Ferrari 575M F1 Maranello
With the arrival of the 612 Scaglietti, Ferrari's 575M Maranello is faced with something of an identity crisis. If the 612 is the consummate Italian GT and the 360 is the thrill-seeking road racer, then what, exactly is the point of the 575? It is a tricky question but thankfully, I have a thousand miles in which to find an answer.
The route from London to the Magny-Cours circuit in central France is exactly the sort of trip that this car was designed for. Long and fast, with a mix of high-speed autoroute and sweeping country roads, it should offer plenty of scope to stretch the potential of the 5748cc, 515-bhp V12.
First impressions are mixed. The 575M has never been a thing of beauty but time has been kind to it sculptured lines and when dressed in the graphite grey of our test car, it adopts an understated yet purposeful edge. And the interior is terrific. A beautifully appointed blend of tan and black hide, it is further enlivened by the optional (#1,470, $2,685) Daytona-style seats with their pleated inserts. At first, they feel excessively bolstered, but their long distance comfort is peerless.
Less gratifying is the engine. It seems absurd to describe a Ferrari V12 as soulless, but that's exactly how it feels. There's no questioning the performance of a car that can reach 202 mph and achieves 0 to 62 mph in 4.2 sec., but the soundtrack is insipid. Where is the exhaust bellow, the rich, deep-throated timbre that makes an Aston Vanquish such an engaging companion? The 575M sounds apologetic by comparison.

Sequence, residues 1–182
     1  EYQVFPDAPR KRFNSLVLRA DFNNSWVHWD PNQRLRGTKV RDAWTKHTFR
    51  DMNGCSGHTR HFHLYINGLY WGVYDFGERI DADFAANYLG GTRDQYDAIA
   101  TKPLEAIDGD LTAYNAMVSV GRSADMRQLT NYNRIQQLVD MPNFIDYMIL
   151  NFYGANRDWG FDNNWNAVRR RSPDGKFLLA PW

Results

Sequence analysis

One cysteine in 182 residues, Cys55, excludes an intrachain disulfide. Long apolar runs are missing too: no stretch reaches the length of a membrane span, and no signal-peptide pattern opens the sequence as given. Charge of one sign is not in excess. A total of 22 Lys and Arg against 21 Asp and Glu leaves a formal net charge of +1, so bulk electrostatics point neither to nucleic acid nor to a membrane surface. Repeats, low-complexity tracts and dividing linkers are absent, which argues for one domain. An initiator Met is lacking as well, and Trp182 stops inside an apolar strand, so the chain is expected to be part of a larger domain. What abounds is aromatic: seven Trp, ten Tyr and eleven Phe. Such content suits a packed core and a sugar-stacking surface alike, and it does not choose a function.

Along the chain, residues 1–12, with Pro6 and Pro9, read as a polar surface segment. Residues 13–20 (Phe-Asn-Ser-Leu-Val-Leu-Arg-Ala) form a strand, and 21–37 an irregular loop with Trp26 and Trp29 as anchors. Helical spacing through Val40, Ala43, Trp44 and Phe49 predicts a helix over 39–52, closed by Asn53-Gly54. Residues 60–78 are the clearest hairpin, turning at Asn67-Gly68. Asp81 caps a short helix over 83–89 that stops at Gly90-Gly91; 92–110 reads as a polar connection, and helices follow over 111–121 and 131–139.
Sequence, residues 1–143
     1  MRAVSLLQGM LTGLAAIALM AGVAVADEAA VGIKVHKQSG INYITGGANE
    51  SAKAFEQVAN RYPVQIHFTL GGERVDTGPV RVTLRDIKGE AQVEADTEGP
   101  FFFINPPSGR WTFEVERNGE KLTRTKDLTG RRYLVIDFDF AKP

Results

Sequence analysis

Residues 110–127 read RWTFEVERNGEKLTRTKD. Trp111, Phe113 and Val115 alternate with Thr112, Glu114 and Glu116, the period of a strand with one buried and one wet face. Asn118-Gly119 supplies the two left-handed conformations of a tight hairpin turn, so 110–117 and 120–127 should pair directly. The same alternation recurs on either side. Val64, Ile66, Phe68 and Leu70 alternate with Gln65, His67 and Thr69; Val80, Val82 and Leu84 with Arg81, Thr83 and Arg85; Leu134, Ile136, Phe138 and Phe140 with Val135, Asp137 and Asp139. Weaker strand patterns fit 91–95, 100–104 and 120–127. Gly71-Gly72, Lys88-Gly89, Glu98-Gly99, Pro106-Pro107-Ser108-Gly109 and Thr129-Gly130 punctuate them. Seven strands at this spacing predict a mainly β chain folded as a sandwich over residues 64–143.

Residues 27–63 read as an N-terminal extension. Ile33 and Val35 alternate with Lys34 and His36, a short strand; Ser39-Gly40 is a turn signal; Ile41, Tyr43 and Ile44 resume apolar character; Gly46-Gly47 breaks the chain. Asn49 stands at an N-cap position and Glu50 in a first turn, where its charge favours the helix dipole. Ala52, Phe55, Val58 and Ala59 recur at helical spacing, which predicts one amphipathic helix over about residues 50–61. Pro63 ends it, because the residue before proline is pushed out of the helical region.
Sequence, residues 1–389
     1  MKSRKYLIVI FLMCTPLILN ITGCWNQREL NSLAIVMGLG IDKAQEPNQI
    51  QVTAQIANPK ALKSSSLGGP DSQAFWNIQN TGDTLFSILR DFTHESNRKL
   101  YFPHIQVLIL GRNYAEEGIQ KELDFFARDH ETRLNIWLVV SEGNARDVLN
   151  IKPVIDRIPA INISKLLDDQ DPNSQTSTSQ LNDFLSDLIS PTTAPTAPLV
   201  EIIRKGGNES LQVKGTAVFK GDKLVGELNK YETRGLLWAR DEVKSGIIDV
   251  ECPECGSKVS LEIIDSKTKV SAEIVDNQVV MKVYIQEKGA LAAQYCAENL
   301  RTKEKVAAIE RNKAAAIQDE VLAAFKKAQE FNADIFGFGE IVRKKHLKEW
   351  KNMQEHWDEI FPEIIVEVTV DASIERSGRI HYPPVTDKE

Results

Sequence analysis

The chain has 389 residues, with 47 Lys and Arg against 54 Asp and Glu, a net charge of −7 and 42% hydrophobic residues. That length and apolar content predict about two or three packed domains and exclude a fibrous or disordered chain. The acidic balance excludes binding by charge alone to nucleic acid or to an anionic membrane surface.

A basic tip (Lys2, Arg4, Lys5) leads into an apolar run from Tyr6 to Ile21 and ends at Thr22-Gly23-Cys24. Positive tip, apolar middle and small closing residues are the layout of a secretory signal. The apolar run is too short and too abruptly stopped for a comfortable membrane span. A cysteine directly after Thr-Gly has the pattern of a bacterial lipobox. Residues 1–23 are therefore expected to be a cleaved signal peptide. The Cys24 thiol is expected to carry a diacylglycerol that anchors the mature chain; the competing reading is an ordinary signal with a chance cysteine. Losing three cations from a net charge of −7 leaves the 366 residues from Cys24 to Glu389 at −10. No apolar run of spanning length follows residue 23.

But it's still a Ferrari and the badge succeeds in making every journey an adventure. On our arrival at the Channel Tunnel, we're greeted by two 20-something female customs officers who take a giggling delight in asking me if the car has an LPG tank. They're dismayed to discover that it's a two-seater--if only we'd brought the Scaglietti.
Later, on our approach to Magny-Cours, we pause in a tiny village and immediately draw a crowd. They speak no English and their heavy dialects prove too much of a challenge for my basic French. The only word we share is "Ferrari" although I do understand their warning about "les gendarmes." In sleepy rural France, the arrival of the Prancing Horse is still an epic occasion.
After the rampant exhilaration of the 360 Challenge Car, it is almost a relief to climb back into the 575M and commence the return journey. Our car boasts the Fiorano Handling Pack, which lowers the car by 15mm and adjusts the steering and suspension for a more aggressive set-up. It helps to make this huge car even more responsive without compromising the cosseting ride quality.
If only the F1 gearbox was equally refined. The Magnetti Marelli system has improved dramatically since it was first introduced on the F355, but while the upchanges can now be perfected with a feathered throttle, the downshifts could still be smoother. If it were my car, I'd save #7,000 ($12,785) and stick with a stick.
It's still early morning when we stop at a vineyard in the Sancerre region to grab a memento. The owner is so excited by our presence that his daughter is dispatched to prepare an impromptu tasting. She seems somewhat bemused when we depart with four bottles of the cheapest plonk.
Heading north, with the speedo nestling at 100 mph and the 23-gal. fuel tank eating up the miles, I am at last able to fathom the appeal of this car. Despite this car's #168,311 ($307,406) pricetag, the 575M F1 is not a Ferrari to grab the senses and seduce in a moment. Instead, it's a car to appreciate for its depth and subtlety. If it has a role in the current Ferrari range, then it is as the consummate driving tool.